Running Head: THE RHETORICAL ANALYSIS IN “NO WOMAN NO CRY”
The Rhetorical Analysis of “No Woman No Cry” by Bob Marley and the Wailers Karen Start
Dr. Felicia Dziadek
October 1, 2011
In this paper, the rhetorical analysis of the lyrics to “No Woman No Cry”, made famous by Bob Marley and the Wailers, has been analyzed to reveal the rhetoric mean. Historical events in the Jamaican government’s actions influenced the singer to protect, in a peaceful manner, the people and culture of his country, Jamaica. Repetition of phrases, sentence structure, tones and values of the song are used by the artist to help “move” the people then and still today.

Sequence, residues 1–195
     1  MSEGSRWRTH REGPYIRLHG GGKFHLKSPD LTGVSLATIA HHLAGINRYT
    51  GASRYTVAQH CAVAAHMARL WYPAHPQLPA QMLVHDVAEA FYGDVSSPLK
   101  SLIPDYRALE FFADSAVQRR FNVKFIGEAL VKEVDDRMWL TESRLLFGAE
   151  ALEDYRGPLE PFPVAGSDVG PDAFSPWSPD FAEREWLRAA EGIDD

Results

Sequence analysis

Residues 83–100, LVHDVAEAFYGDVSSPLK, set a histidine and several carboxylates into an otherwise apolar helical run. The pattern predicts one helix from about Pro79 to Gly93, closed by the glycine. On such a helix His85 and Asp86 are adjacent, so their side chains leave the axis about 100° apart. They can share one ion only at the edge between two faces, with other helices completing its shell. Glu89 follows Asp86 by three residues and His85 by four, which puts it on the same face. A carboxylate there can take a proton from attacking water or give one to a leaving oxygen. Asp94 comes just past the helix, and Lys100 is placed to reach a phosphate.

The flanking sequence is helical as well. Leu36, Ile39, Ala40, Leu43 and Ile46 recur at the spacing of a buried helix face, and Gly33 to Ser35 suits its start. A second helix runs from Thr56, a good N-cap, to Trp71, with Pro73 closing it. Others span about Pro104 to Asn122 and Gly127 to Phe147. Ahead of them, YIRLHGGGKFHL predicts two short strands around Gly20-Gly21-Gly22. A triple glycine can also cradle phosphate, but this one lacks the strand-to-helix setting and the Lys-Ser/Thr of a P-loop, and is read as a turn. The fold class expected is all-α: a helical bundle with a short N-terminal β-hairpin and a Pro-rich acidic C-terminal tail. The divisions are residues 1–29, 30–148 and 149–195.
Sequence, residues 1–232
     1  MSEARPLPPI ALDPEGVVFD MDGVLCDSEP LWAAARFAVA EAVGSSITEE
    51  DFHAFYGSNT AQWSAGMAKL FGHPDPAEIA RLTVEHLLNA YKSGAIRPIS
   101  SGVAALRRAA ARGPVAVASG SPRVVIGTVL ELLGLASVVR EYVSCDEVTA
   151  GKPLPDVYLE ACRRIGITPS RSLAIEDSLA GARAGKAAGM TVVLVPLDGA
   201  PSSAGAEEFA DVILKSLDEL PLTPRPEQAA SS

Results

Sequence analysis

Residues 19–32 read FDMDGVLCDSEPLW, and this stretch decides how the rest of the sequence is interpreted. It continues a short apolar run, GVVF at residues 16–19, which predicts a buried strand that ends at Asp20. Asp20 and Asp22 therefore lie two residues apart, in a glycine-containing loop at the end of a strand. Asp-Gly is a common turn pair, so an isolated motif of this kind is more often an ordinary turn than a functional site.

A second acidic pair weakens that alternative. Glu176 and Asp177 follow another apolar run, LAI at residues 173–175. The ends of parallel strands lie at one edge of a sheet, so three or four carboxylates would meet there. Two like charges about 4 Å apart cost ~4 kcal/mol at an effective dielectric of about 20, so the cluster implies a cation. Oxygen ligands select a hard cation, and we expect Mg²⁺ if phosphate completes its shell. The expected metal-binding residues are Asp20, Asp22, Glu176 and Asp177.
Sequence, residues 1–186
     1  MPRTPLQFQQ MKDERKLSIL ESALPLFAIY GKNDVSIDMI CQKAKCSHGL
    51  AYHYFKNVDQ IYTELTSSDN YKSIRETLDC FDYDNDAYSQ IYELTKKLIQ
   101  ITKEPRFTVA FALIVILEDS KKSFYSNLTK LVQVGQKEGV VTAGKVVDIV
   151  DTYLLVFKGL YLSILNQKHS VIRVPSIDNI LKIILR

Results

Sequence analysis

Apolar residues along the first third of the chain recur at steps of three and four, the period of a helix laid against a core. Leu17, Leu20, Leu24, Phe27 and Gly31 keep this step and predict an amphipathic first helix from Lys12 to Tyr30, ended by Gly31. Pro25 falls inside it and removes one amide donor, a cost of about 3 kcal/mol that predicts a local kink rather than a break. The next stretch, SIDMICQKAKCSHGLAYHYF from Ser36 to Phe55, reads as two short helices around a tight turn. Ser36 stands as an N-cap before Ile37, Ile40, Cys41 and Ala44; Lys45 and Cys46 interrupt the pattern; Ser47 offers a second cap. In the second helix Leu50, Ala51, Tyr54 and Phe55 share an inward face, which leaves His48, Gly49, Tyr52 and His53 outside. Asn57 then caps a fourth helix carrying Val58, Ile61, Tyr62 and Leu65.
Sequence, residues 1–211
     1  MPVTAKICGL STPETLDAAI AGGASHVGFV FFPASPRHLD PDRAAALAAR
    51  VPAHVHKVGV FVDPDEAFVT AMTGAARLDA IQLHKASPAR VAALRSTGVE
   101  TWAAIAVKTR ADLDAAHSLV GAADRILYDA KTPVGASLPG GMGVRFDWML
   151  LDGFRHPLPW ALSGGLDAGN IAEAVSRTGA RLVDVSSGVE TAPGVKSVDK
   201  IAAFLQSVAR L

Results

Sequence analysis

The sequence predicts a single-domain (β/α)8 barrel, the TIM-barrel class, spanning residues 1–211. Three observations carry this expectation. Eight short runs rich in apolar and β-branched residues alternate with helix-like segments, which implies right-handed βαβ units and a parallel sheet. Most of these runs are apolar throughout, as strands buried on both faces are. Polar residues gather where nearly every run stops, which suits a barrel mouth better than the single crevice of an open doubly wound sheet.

The Rhetorical Analysis of “No Woman No Cry” by Bob Marley and the Wailers Try not start the opening sentence with a quote.“1979, Boston, MA, live at Amandla Festival-Harvard Stadium, Bob Marley and the Wailers performed the song ‘No Woman No Cry’ mid day because promoters feared a riot [would spark in the streets.]” (moga1985's Channel, 2006) One of the great songs ever written, “[n]umber 37 on Rolling Stone’s 500 Greatest Song of All Time” (Wailers, B. M., 2011.), made a huge impact on society when the famous musician Bob Marley helped to bring peace into his country. But what is it that attracts and persuades people to react after listening to words of a performer? The music,take out the the lyrics, tones, beat, or is it the rhetorical statement within the song? After completing the recent research of “No Woman No Cry”, the proposed purpose of this melody is said to preach the word for a better government, and is dedicated to Bob Marley’s mother, Ciddy, for the love and support she provided through the hard times in Trenchtown, Jamaica. The people of Jamaican took the rhetorical meaning of the song into action. Rebellions and riots were feared to hit the streets to fight for peace and love the natives deserved in Jamaica. Bob Marley’s face and name revolves around the drastic change of Jamaica. Taking the rhetorical meaning of this simple song is strong enough to be used as a weapon to protect rights; to have a better life. To help further understanding of Bob Marley’s words, the information collected has been constructed, analyzed, and developed into a thought of the rhetorical analysis, (and the reasoning for the words carefully chosen for the song “No Woman No Cry”) take this out. Bob Marley carefully chose his words for the song “No Woman No Cry” to show the desperate need for peace and to love to his nation by using repetitions, a variety of tones and beats, and peaceful rebellion. The rhetorical analysis of Bob’s songs helped to motivate the people into an understanding of the need for peace. In everyday life we experience rhetorical situations, such as advertisements or just simply trying to get someone to raise the thermostat without asking but initially presenting the issue. In most rhetorical situations, people continue to retain the music or rhythm without noticing the rhetoric in songs, poems, and articles. Such an example is the famous repetative song “No Woman No Cry” by Bob Marley and the Wailers. It is believed the song was intentionally written for Bob Marley’s mother, Ciddy, or for the sake of his country and religion. Reason for such rhetorical words was because of the independence of Jamaica. Marley was being “[e]xposed to the staunch realities of abject poverty, low pay, malnutrition and disease and a lack of political rights by the poor, houses which were anything from cardboard boxes to beaten out oil drums nailed together, roadblocks, migration, [and] food shortage.” (rasta man vibrations, 2011.) Life became hard for the Jamaicans therefore the song’s rhetorical message relates to the politics at the time being and influenced millions world-wide for peace. The phrase “[i]n the government yard in Trenchtown, Oba, ob-serving the hypocrites” (Ford, Vincent, 1976) refers to the lack of help and support for the people...
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